ArtsAutosBooksBusinessEducationEntertainmentFamilyFashionFoodGamesGenderHealthHolidaysHomeHubPagesPersonal FinancePetsPoliticsReligionSportsTechnologyTravel

Overcoming Anxiety: The Master Key

Updated on July 7, 2017

You Don't Have to Suffer

Laying in bed at night, unable to sleep. Heart pounding, fearful thoughts, worries and regrets racing around in one's head. Feeling shaky, tense, short of breath -- feeling one will go crazy or die. It is so painful! Why does it happen?

Like other mammals, we are born with a "fight or flight" response that takes over in situations of immediate danger. Automatically and reflexively, all the systems of our body kick into high gear at those moments -- adrenaline pumping, breath changing, blood pressure rising, heartbeat accelerating, etc. The emotion that accompanies these changes is called fear, or anxiety.

Unlike animals, in humans the fight-or-flight can be turned on by situations we imagine in our minds, not just by real-life situations. When we worry anxiously about future events, or mentally replay stressful past events, our body reacts as though it is actually happening right now. We turn on our fight-or-flight response, with the accompanying tension, restlessness, anxiety, and fear -- even though we are sitting safely in a quiet room.

Some people, because of the temperament they were born with, or because of past traumas, are more reactive than average to perceived threats. If you are hyper-reactive to stressful and fear-inducing thoughts or situations, then your challenge is greater than average. However, the procedure for all people, whether average or hyper-reactive, is to realize that feelings and sensations are nothing more than feelings and sensations, and thoughts are nothing more than thoughts.

You Don't Have to Believe All of Your Thoughts

Just because a thought comes into our mind does not mean the thought is true. Just because a feeling arises in our body does not mean the feeling is accurate to the situation.

It is not enough to know this intellectually, it has to be practiced until it becomes second-nature. This is one of the benefits of meditation. We sit in meditation and we may have various thoughts -- "I should be doing something else," "This isn't working," "How much time has passed," "That sound is annoying me," "I'm bored." If we believe these thoughts and keep elaborating upon them, or if we fight them and try to push them out of our head (which is really just another form of believing them), then our meditation becomes about restlessness and struggle. When we gently move most our attention from these thoughts to the breath, without struggle, the thoughts eventually lose their charge and we are meditating on our breath and feeling peaceful.

If you are a person with a lot of anxiety, then there are probably certain types of thoughts and fears and situations that have assumed a lot of power over you. When these thoughts or situations arise, it is like a tsunami of anxiety. Over and over we have had the same reactions to these situations and they have formed a very deep imprint. Changing our reaction to these habitual situations does not occur immediately.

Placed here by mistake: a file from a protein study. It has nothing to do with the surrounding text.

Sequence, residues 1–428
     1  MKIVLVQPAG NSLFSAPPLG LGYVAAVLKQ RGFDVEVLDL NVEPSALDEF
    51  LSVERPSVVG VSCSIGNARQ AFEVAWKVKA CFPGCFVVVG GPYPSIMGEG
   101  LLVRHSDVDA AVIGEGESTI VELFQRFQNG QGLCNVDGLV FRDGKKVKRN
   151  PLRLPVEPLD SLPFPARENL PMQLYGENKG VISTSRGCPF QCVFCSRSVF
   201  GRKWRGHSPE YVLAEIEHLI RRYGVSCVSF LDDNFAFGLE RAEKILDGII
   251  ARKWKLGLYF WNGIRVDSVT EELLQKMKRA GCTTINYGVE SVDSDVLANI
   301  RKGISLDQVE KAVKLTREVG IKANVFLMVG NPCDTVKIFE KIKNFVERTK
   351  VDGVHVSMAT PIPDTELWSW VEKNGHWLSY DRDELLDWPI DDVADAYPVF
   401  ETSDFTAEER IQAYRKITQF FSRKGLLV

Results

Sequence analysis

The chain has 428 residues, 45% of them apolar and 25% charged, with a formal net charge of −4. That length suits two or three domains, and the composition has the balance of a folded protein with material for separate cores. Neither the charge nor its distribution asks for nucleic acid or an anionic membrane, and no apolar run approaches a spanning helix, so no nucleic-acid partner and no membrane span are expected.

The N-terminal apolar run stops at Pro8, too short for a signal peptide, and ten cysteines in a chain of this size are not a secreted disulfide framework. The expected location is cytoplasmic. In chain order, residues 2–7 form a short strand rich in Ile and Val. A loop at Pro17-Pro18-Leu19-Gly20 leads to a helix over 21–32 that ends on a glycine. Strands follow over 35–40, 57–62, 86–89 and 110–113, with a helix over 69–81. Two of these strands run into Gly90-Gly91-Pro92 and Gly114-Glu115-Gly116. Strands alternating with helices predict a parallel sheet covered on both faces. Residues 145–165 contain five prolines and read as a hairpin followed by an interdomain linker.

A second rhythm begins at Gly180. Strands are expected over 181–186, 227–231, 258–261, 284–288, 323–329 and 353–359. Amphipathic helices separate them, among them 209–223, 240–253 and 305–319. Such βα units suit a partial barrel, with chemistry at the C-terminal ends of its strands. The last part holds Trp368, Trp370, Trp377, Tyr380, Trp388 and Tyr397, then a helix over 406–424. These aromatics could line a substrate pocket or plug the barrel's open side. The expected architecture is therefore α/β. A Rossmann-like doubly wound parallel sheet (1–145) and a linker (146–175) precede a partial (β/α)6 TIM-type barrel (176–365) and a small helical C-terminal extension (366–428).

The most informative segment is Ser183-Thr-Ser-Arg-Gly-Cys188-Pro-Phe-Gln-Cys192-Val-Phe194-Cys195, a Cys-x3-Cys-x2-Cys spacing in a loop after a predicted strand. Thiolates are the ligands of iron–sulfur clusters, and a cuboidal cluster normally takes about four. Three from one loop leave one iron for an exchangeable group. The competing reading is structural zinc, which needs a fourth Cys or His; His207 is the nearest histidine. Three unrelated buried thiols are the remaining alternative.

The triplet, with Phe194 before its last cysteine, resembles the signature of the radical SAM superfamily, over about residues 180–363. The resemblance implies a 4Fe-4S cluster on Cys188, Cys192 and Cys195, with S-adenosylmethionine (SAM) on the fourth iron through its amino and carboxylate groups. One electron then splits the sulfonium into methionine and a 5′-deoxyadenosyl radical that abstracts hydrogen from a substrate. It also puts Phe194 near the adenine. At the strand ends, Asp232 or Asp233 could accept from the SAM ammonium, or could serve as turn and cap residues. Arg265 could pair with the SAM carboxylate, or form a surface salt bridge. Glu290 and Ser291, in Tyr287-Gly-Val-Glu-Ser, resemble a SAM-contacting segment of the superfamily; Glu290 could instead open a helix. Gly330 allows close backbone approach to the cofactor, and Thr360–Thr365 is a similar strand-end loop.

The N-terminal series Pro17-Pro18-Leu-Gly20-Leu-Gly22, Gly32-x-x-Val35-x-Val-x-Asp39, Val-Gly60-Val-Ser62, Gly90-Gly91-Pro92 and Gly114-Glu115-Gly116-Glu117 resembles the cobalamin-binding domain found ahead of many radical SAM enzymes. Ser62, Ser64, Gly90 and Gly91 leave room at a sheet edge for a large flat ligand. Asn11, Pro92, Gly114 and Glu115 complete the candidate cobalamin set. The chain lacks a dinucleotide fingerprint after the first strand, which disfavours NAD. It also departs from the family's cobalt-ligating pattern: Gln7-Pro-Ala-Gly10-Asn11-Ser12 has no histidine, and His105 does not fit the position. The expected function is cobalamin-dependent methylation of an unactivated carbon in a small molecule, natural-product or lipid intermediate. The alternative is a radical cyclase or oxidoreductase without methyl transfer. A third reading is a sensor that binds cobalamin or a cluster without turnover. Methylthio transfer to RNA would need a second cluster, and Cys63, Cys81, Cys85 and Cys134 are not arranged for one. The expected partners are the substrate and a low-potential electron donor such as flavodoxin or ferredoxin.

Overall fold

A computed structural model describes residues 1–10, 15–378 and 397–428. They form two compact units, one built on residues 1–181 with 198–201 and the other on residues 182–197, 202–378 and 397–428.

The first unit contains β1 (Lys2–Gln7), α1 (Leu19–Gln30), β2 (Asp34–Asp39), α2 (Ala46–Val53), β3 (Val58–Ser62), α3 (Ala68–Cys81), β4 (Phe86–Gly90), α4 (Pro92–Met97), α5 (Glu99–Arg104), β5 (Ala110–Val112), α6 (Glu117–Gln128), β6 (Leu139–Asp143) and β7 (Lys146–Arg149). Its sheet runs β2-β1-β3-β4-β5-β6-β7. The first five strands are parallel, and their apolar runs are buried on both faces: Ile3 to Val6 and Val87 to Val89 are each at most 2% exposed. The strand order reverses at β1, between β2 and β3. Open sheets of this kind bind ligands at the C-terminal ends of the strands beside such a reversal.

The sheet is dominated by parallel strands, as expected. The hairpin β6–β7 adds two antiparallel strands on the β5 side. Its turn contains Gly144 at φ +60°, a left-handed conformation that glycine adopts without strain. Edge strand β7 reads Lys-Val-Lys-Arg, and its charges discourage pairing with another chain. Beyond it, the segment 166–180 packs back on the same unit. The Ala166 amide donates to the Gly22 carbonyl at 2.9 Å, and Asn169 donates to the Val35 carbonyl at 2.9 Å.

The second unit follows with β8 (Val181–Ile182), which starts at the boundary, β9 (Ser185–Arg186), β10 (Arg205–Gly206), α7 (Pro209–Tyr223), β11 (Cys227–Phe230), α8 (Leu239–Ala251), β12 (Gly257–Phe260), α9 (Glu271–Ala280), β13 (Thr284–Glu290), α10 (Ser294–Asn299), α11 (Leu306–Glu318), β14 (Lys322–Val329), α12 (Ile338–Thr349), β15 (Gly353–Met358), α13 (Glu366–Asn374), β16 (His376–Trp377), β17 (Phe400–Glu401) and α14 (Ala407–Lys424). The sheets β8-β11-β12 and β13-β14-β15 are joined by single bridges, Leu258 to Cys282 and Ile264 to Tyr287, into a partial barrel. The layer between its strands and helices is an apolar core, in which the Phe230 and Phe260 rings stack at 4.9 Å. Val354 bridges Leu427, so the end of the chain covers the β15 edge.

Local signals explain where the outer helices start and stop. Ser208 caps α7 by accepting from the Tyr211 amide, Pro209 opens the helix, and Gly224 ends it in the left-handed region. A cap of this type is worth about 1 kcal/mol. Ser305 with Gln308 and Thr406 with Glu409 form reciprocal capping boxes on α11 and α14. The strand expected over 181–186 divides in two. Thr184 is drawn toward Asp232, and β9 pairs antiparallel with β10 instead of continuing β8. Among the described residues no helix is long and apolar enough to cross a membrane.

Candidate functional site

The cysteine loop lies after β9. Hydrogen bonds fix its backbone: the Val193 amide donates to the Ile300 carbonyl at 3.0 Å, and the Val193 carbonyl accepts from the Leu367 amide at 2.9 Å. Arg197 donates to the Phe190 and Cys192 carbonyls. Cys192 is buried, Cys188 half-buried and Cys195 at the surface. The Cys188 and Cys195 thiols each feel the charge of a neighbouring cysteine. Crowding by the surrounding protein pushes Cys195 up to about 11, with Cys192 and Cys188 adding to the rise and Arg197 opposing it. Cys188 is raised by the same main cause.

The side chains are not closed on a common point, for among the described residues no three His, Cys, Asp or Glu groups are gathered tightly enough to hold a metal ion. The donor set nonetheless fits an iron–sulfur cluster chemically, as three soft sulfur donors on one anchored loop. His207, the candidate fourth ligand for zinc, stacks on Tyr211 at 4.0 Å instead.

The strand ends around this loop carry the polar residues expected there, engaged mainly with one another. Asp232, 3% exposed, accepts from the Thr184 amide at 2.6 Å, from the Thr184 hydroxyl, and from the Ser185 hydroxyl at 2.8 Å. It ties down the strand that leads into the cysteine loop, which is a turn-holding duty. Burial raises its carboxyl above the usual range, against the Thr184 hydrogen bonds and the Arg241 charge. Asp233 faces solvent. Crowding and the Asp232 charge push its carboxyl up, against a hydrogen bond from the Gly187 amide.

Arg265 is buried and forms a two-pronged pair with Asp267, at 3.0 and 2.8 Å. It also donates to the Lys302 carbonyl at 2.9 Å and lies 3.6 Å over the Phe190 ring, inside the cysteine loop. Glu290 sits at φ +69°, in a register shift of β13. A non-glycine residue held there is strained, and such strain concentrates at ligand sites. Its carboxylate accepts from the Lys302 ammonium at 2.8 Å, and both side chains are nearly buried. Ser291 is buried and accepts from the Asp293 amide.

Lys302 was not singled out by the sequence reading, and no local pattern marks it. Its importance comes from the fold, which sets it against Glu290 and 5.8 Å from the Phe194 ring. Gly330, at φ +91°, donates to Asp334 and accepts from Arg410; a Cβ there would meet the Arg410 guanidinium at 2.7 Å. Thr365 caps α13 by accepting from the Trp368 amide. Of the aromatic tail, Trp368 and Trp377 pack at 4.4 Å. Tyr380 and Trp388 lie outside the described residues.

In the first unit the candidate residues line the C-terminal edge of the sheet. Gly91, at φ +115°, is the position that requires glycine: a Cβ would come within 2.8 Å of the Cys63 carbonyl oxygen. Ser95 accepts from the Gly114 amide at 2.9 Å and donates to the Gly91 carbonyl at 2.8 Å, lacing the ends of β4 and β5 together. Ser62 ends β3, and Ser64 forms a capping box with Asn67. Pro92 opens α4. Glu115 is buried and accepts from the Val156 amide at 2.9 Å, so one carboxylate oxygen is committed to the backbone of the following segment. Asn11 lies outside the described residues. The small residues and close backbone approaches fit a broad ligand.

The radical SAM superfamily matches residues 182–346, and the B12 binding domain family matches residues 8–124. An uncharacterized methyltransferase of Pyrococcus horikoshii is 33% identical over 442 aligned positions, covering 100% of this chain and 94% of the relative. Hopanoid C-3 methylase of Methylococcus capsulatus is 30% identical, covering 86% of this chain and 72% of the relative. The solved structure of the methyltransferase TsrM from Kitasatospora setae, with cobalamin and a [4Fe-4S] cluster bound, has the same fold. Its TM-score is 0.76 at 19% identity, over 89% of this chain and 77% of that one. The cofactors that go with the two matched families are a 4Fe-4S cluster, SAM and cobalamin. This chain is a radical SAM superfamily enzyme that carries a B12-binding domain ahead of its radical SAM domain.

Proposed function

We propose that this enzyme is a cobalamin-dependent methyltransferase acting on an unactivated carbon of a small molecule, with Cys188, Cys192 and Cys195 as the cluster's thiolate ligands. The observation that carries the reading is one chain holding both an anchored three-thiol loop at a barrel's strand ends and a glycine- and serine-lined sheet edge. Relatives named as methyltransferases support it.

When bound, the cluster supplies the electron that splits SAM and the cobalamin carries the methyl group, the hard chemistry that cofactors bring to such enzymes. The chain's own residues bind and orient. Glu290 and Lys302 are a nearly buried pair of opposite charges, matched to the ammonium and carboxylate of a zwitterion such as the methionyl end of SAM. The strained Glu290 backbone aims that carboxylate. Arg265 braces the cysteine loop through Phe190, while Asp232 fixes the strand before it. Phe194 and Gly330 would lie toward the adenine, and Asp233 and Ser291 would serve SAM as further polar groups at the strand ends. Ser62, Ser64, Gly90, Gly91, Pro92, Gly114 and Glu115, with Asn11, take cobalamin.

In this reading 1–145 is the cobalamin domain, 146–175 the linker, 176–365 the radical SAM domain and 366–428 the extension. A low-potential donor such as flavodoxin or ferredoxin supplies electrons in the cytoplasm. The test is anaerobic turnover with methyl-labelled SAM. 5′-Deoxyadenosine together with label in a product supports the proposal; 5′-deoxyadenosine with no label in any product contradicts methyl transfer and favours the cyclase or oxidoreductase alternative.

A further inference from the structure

Start Small, and Build Up

Suppose you wanted to be able to lift 200 pounds and were not able to. You would not start off immediately practicing with 200 pounds. You would start with 100 pounds and gradually, over many weeks or months, condition and build your muscles till you could lift 200.

Similarly, we are unlikely to conquer our most serious and habitual fears immediately. We must practice, practice, practice on our smaller fears. If our highest degree of discomfort is a "10," we start by tolerating and accepting feelings, thoughts, and situations that raise our discomfort only to a "5."

Meditation is the laboratory, training room, or gymnasium where we begin to work on this. Then we start taking it out into real life.

Here's more information about how anxiety works. (1.) Some people begin avoiding situations where they become anxious. As they practice avoidance, over time they may find that more and more situations make them anxious, and they may avoid more and more things, until their life becomes very narrow. (2.) Some people try to avoid the feelings of anxiety by using substances (alcohol, illegal drugs, or prescription drugs) which mask or deaden the feelings of anxiety. At first this seems like a good solution, but often the person becomes increasingly dependent on the substance, often in greater amounts, and never learns to master the anxiety.

Embrace, Rather Than Avoid

Avoidance as a primary strategy doesn't work. We may want to avoid the most stressful and challenging situations, at least for now. But we want to work on embracing the more manageable ones, so that working with the situation becomes our habitual response, rather than avoidance becoming our habit.

Fear can build on fear and get out of control. We may think of scary things, and that can lead to an emotional upsurge in our body. The heart starts beating rapidly and we get short of breath. There is a knot in our stomach. We begin to be afraid we are having a heart attack. The thought that we are dying feeds into our emotional panic, which intensifies the physical symptoms that make us think we are dying. This is called a panic attack, and it is not unusual for a person to end up going to the emergency room the first time they have a panic attack, thinking they are having a heart attack.

This proliferation of thoughts and feelings, in which one builds upon another in a chain reaction, is what we learn to deconstruct in meditation. Thoughts occur in meditation, but we watch them. When we find one thought leading to another and another and another, we gently return to the breath. We repeatedly cut, cut, cut the chain of thoughts in a non-violent way. In this way, thoughts don't pile up and elaborate themselves into a giant structures, with an accompanying cloud of feelings that attach themselves to the thoughts.

What Is So Terrible About the Present Moment?

We are continually returning to the here and now. Is anyone insulting me in the here and now? Is anyone or anything threatening me in the here and now? Perhaps I am worried about losing my job, or finding a job, or paying bills, or a sick relative. I have to think about these things enough to take appropriate action. But when these dominate my thoughts and feelings to the point that I can't sleep, can't eat, can't concentrate, can't relax, then I am no longer thinking about them in order to plan my actions. I am now living with these things as though they are present reality. I have to come back to my body, come back to my breath, come back to my surroundings, and touch base with the here-and-now, in which I am acutally safe and okay at this moment.